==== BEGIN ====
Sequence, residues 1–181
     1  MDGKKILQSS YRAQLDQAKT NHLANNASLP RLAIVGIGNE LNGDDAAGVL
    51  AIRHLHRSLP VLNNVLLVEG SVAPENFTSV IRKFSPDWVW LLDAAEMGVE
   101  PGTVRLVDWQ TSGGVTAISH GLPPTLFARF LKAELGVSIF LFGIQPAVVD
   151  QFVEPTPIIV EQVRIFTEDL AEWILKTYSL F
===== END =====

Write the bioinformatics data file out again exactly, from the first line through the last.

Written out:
Sequence, residues 1–181
     1  MDGKKILQSS YRAQLDQAKT NHLANNASLP RLAIVGIGNE LNGDDAAGVL
    51  AIRHLHRSLP VLNNVLLVEG SVAPENFTSV IRKFSPDWVW LLDAAEMGVE
   101  PGTVRLVDWQ TSGGVTAISH GLPPTLFARF LKAELGVSIF LFGIQPAVVD
   151  QFVEPTPIIV EQVRIFTEDL AEWILKTYSL F